A Brief Explanation of Your Camera's Shooting/Scene Modes

Fact: most people don’t read their manuals when they buy a new camera. Further, if they do, they have no idea what most of it means to them. If you’re one of those people, or know them, then this is the blog post for you. As a photography instructor, I’ve seen lots of people take photos then look at their images and wonder why they’re not getting the results that they want. Something I learned in computer programming is that technology only does what you tell it to do, not what you want it to do. More on how to tell your camera what you want after the jump in a concise compilation.

Author’s Note: For the photographers out there that read this blog and are wondering to themselves, “How the hell can you not understand what shooting modes mean?! Obviously, switching your camera to X will give you Y.” Please understand that this article is to help the wide majority of people that use point-and-shoots as their main cameras. They far outnumber us DSLR people.

First off, know that many of these scene modes can be reached via the dial on top of your camera. If not, then they can be found in the menu systems and look something like these. Try to match the pictures below to the ones on the dials up above.

Starting from top left going to the one right next to it and continuing in this fashion, here are an explanation of the common modes:


This mode is best for taking a portrait of someone. What it will do is focus on the person’s face (sometimes via Face Detection) and make everything else in the photo blurry or out of focus. Use this in good lighting when you want to take snapshots of people. A good example is a simple photo of your girlfriend. It can easily be identified by the fact that the symbol is a person’s head.


This setting is for those really, really close up shots of things. There is a macro shot here (it’s the one of the ring.) Use this when you want to take pictures of bugs, the insides of flowers, small objects, or even your dog’s nose. It’s easily identified for the symbol of a flower. Think flower = getting close up to take it’s photo.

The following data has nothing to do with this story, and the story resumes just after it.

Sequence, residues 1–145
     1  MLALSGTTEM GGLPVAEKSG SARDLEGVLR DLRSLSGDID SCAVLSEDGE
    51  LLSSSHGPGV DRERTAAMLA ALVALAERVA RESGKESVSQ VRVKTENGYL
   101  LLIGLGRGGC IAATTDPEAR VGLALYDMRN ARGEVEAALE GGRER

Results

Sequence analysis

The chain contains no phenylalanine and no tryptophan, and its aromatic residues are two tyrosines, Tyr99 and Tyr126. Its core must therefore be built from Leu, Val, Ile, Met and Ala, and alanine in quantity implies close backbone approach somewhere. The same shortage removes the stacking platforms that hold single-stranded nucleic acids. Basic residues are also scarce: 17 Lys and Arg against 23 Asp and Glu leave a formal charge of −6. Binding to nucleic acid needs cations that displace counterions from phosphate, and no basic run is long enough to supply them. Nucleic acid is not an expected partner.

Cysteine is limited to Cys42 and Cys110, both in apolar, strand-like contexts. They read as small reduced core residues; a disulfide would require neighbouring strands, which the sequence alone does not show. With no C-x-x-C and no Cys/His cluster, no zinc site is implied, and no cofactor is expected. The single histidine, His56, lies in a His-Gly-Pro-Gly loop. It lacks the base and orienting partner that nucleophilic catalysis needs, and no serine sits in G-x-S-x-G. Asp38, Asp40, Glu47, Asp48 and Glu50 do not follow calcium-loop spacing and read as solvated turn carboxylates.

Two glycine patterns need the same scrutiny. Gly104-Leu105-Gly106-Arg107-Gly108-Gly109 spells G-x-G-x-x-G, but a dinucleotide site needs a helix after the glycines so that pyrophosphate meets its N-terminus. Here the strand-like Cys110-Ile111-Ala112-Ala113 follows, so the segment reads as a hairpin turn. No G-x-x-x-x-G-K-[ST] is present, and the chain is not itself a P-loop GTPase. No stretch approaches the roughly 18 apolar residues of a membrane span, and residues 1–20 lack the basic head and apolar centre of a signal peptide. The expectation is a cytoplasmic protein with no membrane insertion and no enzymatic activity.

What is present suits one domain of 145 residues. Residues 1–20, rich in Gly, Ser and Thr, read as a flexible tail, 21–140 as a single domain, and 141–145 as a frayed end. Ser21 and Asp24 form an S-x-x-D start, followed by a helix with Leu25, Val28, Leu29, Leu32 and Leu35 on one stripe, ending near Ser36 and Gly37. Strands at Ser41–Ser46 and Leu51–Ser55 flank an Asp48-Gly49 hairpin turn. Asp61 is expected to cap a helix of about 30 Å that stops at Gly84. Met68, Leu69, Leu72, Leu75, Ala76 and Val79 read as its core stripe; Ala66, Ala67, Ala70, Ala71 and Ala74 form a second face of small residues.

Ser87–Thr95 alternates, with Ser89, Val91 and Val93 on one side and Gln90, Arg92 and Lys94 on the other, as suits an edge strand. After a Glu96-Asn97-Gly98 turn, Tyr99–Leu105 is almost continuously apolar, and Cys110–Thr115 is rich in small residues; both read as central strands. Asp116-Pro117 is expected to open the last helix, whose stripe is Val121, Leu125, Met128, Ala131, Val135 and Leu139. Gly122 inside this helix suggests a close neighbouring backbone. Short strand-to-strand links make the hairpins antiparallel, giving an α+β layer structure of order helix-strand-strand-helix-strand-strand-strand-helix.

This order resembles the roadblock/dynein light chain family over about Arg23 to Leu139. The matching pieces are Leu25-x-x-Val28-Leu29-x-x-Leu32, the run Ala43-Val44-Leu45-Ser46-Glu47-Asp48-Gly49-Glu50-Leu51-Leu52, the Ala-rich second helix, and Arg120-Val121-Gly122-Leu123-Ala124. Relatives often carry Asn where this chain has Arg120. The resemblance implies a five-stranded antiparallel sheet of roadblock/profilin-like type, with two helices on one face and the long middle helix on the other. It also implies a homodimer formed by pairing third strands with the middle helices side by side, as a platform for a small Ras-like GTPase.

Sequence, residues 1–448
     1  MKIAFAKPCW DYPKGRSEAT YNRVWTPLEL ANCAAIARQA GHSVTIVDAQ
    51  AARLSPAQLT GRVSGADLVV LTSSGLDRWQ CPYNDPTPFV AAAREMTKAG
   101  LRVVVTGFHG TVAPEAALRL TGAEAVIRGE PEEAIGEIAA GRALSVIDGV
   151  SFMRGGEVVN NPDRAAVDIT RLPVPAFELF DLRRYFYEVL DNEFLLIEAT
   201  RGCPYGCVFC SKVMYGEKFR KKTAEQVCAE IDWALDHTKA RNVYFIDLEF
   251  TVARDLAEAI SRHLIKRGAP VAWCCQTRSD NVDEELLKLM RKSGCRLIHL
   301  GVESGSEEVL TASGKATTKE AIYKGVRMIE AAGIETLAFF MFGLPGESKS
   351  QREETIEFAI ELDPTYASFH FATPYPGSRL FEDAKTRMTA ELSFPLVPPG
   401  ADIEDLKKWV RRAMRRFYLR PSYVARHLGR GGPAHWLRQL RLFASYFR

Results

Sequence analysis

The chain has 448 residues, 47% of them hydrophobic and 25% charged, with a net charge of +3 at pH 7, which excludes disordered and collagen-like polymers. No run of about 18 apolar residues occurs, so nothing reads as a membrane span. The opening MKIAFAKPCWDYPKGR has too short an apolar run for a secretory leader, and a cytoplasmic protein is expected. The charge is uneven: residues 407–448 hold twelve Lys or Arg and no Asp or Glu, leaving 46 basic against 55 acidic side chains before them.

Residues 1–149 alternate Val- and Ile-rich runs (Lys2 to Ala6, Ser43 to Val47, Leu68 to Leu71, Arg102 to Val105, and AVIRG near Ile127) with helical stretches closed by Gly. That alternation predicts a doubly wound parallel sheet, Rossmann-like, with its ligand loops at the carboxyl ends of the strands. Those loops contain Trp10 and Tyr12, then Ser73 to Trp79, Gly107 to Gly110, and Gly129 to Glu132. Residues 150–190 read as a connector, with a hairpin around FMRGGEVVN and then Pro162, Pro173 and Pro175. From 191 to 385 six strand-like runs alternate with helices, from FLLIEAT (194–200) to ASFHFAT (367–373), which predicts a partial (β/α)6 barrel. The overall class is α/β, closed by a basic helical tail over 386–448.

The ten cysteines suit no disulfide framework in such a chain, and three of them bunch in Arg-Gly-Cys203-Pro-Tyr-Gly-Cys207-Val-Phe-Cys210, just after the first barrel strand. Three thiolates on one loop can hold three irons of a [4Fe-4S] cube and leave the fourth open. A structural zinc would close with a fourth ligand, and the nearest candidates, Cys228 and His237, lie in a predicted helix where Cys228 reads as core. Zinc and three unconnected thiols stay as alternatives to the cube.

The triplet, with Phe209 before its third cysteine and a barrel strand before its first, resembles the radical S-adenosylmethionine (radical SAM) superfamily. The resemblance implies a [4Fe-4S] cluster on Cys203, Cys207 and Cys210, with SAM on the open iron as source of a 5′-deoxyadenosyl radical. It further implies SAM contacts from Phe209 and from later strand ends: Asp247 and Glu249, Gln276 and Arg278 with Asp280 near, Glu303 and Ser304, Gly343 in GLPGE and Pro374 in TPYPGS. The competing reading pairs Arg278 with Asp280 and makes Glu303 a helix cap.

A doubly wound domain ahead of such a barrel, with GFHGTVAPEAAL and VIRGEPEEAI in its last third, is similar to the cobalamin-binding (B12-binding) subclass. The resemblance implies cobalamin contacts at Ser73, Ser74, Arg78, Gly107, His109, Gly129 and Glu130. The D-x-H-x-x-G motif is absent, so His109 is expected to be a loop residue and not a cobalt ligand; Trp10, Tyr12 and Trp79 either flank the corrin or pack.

This setting is best used in winter time when you’re out in the snow and there is plenty of it around for you to just snap photos of. However, that snow will also cause inaccuracies in your color. Changing your mode to Snow will help you achieve taking photos in such conditions. It’s easily identified by the symbol of a snowman.


You should switch to this setting during this time of day or when the lighting is similar. It will give you a more orangish look to your photos as well. Use this when you’re out with friends at a theme park of some sort on their pier when the sun is going down. It’s easily identified by the symbol of a sun over lines, meaning water of some sort.


This scene is best used when you’re on vacation and you encounter something large that you want to take a picture of. A perfect example is being in Greece and wanting to take a picture of the sea while you’re on top of a mountain. Another is being in the middle of a giant field and wanting to take a picture of it. It’s easily identified by the symbol of a mountain within a frame.


Use this mode for when you’re taking photos of your kid playing soccer. Note that the quality of your image may decrease slightly though because the camera needs to change its settings to capture faster movements. It’s easily identified by the symbol of a person running.

Nighttime Scene

Hold your camera very steady while using this mode because it will take a long time to shoot. Use this when you’re basically shooting a landscape but at night. The flash won’t fire for this scene at all. It’s easily identified by the symbol of a city with the moon up.

Night Portrait

Think nighttime scene combined with portrait. The different is that in this one the flash will fire. You still need to hold very still as it will try to capture the background as well as your subject. It’s easily identified by the symbol of a person with the night sky behind them.


Switch to this mode when you’re at a party and the lighting is all weird. Combine it with face detection for best results. It’s easily identified by the symbol of a party hat with confetti coming out.


Use this during the 4th of July when you’re shooting the fireworks up above. It can also give you some cool and wacky colors when shooting with it otherwise. It’s easily identified by the symbol of something that looks like fireworks in the sky.

One more very common mode is Kids/Pets. It’s easily identified by the symbol of either a dog, cat or kids. Take a wild guess what this is for?

Always remember to switch your modes. You may forget to do this but if you don’t like your results, program your brain to do something about it.

You spent the money on the camera for the holiday season, put it to good use.

Chris Gampat

Chris Gampat is the Editor in Chief, Founder, and Publisher of the Phoblographer. He also likes pizza.